About four months after Joba began settling into his new life, Havey came for a long weekend visit, bringing her new guide dog, a black Labrador, with her.
Joba immediately recognized Havey.
“He wouldn’t leave her side. He recalled all the commands. He even slept with her the first night,” Schuler says. “He stepped right into his old life.”
But this time, when Havey and her new dog left for home, Joba eased back into retirement, knowing he’d played his cards just right.
Joba and Schuler, along with several other service dogs, are scheduled to attend the Paws with a Purpose panel discussion and pet food drive, sponsored by the BJC Disability Connection group, 5-7 p.m., Oct. 30, at the BJC Learning Institute lower level auditorium. (See related story below.)
Paws with a Purpose: Celebrating service and support dogs in the BJC workplace
All BJC team members are invited to come and learn about the working dogs of BJC. Have your picture taken with puppies in training and attend a panel discussion that explores how dogs make the lives of their handlers, and those around them, so much better. The event is hosted by the BJC Disability Connection Group, 5-7 p.m., Oct. 30, in the BJC Learning Institute lower level auditorium. RSVP if you plan to attend.
The panel will feature:
Time will be available to ask questions. After the discussion, meet the panel members and their dogs.
The Oct. 30 event will also include a pet food drive to benefit Bi State Pet Food Pantry, which provides emergency pet food to pets’ guardians during financially difficult times. The group will collect any size bags of dry dog and cat food, canned dog and cat food, dog and cat treats and cat litter, and accessories such as leashes and beds, whether new or used.
For more information or to join the BJC Disability Connection planning committee, email Deborah Springer, email@example.com.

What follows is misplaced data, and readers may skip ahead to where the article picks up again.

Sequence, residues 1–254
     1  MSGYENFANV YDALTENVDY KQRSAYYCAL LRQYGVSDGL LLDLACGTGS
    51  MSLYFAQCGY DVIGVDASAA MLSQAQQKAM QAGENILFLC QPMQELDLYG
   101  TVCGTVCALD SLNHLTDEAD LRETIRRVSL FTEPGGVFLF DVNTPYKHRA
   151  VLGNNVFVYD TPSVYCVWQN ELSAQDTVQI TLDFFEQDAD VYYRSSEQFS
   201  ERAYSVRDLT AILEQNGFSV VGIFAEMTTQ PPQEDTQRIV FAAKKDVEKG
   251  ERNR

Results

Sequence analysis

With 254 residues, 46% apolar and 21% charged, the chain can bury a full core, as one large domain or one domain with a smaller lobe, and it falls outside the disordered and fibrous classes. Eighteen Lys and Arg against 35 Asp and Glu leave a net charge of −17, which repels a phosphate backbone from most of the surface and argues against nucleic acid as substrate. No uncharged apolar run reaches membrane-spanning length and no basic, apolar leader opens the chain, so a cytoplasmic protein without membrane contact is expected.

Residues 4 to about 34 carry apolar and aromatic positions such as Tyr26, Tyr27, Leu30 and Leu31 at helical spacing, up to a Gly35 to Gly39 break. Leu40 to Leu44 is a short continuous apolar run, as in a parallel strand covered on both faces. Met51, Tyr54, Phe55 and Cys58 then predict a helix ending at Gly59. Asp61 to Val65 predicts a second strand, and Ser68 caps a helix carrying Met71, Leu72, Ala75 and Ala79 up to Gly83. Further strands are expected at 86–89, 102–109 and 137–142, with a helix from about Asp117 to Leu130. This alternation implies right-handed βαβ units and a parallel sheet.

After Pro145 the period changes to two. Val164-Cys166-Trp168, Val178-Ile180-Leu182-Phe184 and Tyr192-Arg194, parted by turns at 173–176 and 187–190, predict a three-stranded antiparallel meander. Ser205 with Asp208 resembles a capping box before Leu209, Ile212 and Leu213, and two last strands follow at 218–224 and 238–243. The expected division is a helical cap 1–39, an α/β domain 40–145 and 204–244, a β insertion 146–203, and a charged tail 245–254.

Diversity and inclusion are a big part of BJC’s identity, and an important step to inclusiveness is connecting with and understanding one another. To learn more about BJC Connections groups and how to get involved, visit https://www.bjc.org/BJC-Connections.
Number of views (1674)/Comments (8)
10/23/2018 9:25 AM
10/24/2018 9:29 AM
Love this story, and so very happy that Joba found his retirement home with a wonderful family.
10/24/2018 10:18 AM
What a terrific story with such a happy ending! Thank you for letting the greater BJC community hear about this.
10/24/2018 12:49 PM
Joba was an amazing dog and an honorary team member on the CCE Transformation Support team. Having a dog at the BJC Learning Institute positively added to the atmosphere and culture.
Additionally, Joba could not have found a better home than with Amy!!!
10/24/2018 12:58 PM
I had the privilege to work with Amy for a few years. She is amazing and that is one lucky dog.
10/26/2018 8:53 AM
Knowing and working with Amy for many years at AMH, this is one LUCKY dog!! And she looks pretty happy too!!!
10/30/2018 9:44 AM
11/1/2018 10:05 AM
It was so great to meet you and Joba in person at the Paws with a Purpose event put on by the Disability Connections group. It was such an interesting meeting and all of the dogs, including Joba, had such interesting "tails" to tell. Thanks for being a part of it - he's a lucky boy to have such a nice life in retirement.